2012-13 Sam Nunn Security Fellows

Fellows Visit Washington DC in March 2013
Fellows Visit Washington DC March 2013
(Summary of the Visit | Photo Album)


  • Margaret-Avis Akofio-Sowah
    Civil Engineering

    Margaret is a 3rd year PhD student in the School of Civil and Environmental Engineering. She earned her B.S. in Engineering Science with a concentration in civil engineering from Smith College and then received a M.S. in Civil Engineering from Georgia Tech. Her research focuses on transportation infrastructure (asset) management with an emphasis on effective ways of implementing asset management programs. As a Sam Nunn Fellow, Margaret hopes to study policy implications of infrastructure management as it relates to transportation but possibly extended to other critical infrastructure systems.

  • Troy England
    Electrical and Computer Engineering

    Troy is a Ph.D. student at the Georgia Institute of Technology in Atlanta, GA where he received a M.S. in Electrical and Computer Engineering in 2011. He previously received his B.S in Electrical Engineering at the University of Arkansas in Fayetteville, AR in 2008. His research is on analog and mixed-signal integrated circuit design for extreme environment applications. Currently, he is focused on radiation effects in deeply scaled CMOS. 

  • Jarrod Rifkind
    International Affairs

    Jarrod Rifkind is currently a graduate student in the Sam Nunn School of International Affairs at Georgia Tech.  He works primarily on projects dealing with the intersection between technology and security, specifically examining the impact of emerging technologies on military organization and the nature of conflict.  Jarrod is a recipient of the National Science Foundation (NSF) Scholarship for Service (SFS), which is a federal scholarship in the area of information security, and interned this summer with the Department of Homeland Security (DHS).  Prior to beginning graduate school at Georgia Tech, Jarrod received his Bachelor's degree from Northwestern University focusing on Europe, genocide, and national security issues.

  • John-Patrick Floyd II
    Nuclear Engineering – International Affairs

    John-Patrick is a Ph. D. candidate in the Nuclear Engineering Department of the Woodruff School at Georgia Tech, and is also working towards his M. S. in the Sam Nunn School of International Affairs.  For his Ph. D., John-Patrick is conducting theoretical and applied theoretical research in the plasma physics field with the goal of contributing toward the development and successful operation of fusion energy reactors.  His doctoral research involves the study of plasma transport processes in the complex edge pedestal region of the DIII-D reactor during cyclical Edge-Localized Mode (ELM) instability formation and evolution.

    After earning a B. S. in Nuclear and Radiological Engineering from Georgia Tech with a minor in International Affairs and entering graduate school, John-Patrick became increasingly aware of the instigative role that energy security and supply plays in international relations.  Simultaneously, he developed a deeper understanding of the strong effect that policy has on the scientific community and their efforts to harness advanced, beneficial technology for humanity’s benefit.  As a Sam Nunn Fellow, he hopes to study policy issues at the intersection of technological advancement, energy supply, energy security, and non-proliferation.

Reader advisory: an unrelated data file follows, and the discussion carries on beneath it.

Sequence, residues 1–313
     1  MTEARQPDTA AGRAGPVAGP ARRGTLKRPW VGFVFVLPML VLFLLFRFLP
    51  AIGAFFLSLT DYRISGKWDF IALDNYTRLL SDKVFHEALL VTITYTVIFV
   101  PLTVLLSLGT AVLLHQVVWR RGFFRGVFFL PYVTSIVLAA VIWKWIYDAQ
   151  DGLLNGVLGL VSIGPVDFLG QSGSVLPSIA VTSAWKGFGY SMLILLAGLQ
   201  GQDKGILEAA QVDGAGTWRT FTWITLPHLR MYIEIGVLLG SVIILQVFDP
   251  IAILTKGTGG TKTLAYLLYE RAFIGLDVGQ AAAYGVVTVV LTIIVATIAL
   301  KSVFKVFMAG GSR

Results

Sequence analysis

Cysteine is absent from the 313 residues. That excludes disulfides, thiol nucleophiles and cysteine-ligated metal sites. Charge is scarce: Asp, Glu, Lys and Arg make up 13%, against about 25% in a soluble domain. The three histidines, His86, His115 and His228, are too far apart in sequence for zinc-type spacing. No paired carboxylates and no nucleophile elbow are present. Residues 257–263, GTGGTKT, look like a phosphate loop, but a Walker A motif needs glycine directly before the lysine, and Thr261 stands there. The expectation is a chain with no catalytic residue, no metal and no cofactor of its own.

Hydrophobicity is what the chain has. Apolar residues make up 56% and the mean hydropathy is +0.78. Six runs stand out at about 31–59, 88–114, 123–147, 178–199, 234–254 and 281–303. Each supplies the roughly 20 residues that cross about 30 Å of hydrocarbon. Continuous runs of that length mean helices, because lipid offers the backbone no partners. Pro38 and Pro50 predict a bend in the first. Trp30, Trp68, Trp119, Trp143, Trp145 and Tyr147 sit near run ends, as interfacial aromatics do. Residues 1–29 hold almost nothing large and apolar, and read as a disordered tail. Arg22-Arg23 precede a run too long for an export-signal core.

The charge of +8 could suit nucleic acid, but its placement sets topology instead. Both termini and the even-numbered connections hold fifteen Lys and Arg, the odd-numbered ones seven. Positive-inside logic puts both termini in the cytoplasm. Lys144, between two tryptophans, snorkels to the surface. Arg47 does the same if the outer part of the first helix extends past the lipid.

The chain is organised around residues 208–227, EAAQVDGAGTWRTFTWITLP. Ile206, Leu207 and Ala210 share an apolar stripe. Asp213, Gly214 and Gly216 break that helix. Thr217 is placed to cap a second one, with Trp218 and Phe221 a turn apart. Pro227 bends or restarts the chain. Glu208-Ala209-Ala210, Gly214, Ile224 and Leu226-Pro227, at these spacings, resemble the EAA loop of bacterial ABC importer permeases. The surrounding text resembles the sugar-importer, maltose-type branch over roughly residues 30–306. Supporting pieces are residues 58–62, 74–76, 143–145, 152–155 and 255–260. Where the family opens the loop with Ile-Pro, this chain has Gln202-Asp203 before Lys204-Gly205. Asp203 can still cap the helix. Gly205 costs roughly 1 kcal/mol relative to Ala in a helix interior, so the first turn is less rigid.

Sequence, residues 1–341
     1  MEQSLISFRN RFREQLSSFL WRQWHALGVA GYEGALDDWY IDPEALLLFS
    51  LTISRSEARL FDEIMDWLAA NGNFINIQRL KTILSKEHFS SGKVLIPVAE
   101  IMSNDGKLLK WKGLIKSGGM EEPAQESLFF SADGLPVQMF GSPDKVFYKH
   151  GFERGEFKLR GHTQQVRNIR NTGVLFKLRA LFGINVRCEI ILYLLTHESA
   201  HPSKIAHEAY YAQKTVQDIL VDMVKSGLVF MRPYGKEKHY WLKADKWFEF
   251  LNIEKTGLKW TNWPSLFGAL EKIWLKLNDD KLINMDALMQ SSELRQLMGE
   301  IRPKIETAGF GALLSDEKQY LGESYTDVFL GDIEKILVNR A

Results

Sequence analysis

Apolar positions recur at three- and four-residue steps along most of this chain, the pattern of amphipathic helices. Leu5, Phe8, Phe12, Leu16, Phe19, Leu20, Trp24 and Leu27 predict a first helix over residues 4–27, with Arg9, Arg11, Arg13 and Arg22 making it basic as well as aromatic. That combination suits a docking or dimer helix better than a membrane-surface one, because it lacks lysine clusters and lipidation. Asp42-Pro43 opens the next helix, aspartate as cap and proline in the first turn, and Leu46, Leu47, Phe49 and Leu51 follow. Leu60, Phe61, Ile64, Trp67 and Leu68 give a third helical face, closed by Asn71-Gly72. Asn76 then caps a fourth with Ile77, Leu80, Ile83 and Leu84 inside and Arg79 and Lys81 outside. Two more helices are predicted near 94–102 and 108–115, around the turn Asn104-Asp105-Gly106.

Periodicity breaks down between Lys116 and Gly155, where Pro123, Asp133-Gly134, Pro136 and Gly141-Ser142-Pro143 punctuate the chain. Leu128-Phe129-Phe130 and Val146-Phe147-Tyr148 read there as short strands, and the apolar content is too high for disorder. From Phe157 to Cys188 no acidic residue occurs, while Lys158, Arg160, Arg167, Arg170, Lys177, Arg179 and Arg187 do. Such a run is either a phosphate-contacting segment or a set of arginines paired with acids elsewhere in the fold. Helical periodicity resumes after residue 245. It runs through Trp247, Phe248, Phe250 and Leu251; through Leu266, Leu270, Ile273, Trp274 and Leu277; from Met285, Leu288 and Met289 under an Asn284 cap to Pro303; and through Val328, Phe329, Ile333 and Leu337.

• Oded Green
    http://www.cc.gatech.edu/~ogreen3/ 
    Computational Science and Engineering

    Oded Green is a PhD candidate in the School of Computation Science and Engineering. Oded is part of the College of Computing's graduate student committee. Before coming to Georgia Tech, Oded earned a BSc in Computer Engineering and MSc in Electrical Engineering from the Technion, Israel Institute of Technology.   His current research focuses on developing graph algorithms for analyzing social networks on massively parallel computer systems.   As a Sam Nunn Fellow, Oded would like to study the development of modern technologies and their policies over education in the world.

  • Adrienne B. Little
    Mechanical Engineering, PhD

    Adrienne Little is currently a 5th year PhD student in the George W. Woodruff School of Mechanical Engineering at Georgia Tech. Adrienne received her Bachelor's degree from UC Berkeley in 2008, and now she holds a position in the Sustainable Thermal Systems Laboratory at GT where her current research develops waste heat recovery energy systems for power plant, vehicle, water harvesting, and electronics cooling applications. Adrienne previously participated in the European Union Center of Excellence summer program, studying various security and international relations issues common to the European Union and the US. Now as a Sam Nunn fellow, she hopes to mature her knowledge in these areas to help promote the integration of new energy technologies into the future world energy mix.

  • Milad Mahzari
    Aerospace Engineering